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Photo: Flickr

Photo: Flickr

Protestors came out in support of a man who was violently attacked by police in Harlesden, and called for a fightback against racism in society

 
The people of North West London and beyond turned out in Harlesden, to protest police violence against the black community, both historically, and in response to the incident the week before, where a young black man was held down by 8 police officers in the street. 
 
Videos of the incident, taken by bystanders, quickly went viral, as people on social media decried the excessive use of force, and showed their support for the young man and his family.
 
Far too often these crimes result in the death of black people, as with Rashan Charles and Edson da Costa, who died last year. After a report this week indicating the huge rise in the police’s use of force in the last year, London residents have come out to say that enough is enough. The damning report told of force being used on suspects 270 times a day, with an uptick of 79% in the last year.
 
Meeting outside the New Atlas Cafe, where the recent incident occurred, the protest, held on the eve of 9 October, also took the form of a vigil, in remembrance of all those killed by police violence. But there was very much a focus on the present, where speakers demanded justice for the young man who is being held for a minor drugs offence. 
 
Along with the local community, there were activists from Stand up to Racism, Labour, Momentum and a variety of campaign groups. The mother of the young man that was attacked spoke of her ongoing fight against racism, and how she felt that this kind of thing felt almost inevitable. She also sincerely thanked those who had come out for the protest.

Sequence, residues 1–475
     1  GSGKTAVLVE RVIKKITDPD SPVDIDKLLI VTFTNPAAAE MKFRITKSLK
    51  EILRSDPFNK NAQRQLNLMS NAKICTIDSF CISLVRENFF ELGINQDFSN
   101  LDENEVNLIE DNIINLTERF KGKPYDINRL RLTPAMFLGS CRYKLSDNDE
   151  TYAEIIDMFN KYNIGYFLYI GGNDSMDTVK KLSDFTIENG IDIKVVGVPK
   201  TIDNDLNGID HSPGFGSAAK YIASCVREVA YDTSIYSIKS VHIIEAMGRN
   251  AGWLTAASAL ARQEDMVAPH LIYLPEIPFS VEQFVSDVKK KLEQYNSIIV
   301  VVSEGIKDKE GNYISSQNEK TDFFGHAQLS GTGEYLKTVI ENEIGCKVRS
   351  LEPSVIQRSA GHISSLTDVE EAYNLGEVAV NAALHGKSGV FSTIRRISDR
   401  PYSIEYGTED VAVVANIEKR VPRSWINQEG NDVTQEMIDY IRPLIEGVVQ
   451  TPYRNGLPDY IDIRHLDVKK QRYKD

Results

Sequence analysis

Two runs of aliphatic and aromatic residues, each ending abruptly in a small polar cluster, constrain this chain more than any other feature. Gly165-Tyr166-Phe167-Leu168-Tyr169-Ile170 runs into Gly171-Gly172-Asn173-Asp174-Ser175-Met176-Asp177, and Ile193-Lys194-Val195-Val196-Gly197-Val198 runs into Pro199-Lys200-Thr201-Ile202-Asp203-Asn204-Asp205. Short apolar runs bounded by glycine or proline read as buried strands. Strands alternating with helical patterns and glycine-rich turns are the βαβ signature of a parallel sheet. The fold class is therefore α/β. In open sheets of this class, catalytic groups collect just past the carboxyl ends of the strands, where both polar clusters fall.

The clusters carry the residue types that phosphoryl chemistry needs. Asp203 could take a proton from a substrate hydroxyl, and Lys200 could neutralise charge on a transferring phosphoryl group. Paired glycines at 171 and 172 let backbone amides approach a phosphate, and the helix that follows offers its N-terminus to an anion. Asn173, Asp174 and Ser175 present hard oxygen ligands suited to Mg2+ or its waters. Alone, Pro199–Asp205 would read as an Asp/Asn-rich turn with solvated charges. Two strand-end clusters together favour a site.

Those speaking on the open mic called for a wide campaign to bring together communities and the different campaigning groups, demanding a change in policing techniques, and an end to the demonisation and mistreatment of black communities. They also spoke of the rise in hate crimes over the last few months and years, but also of the fightback that has ensued.
 
The massive increase in stop and search at Notting Hill Festival this year, along with the ramping up of the hostile environment, and a Tory Conference in the last month that called for greater powers for stop and search without the need for reasonable suspicion, are part of a wider authoritarian push from Theresa May’s government, which flows directly from her previous role as Home Secretary. This while the far right are on the rise in Britain and abroad. 
 
Looking forward, the fightback against institutional racism, and far right organisation must be broad and rooted if it is going to be able to take on the task of pushing back against racism in our society. The demonstration called for 17 November against racism and fascism can be the start of that campaign, along with the counter-protest against a far right organised march this weekend, on 13 October. Let’s make sure we get everyone we know on them, build them as big as possible, and make it clear that we won’t stand for this any longer. 
 
Solidarity with the black community in Harlesden, and all those affected by racist attacks in this city and across the world. 
 
Counterfire is holding a meeting to discuss how to tackle the far right and racism in society on Thursday 11th October. At this meeting we will also be organising activity to build for the demonstration on 17 November. Please come along and get involved.
 
Cameron Panting

Cameron Panting

Cameron Panting is National Organiser for Counterfire and is a member of the editorial board. He is active within the People's Assembly and is a member of Stop The War.

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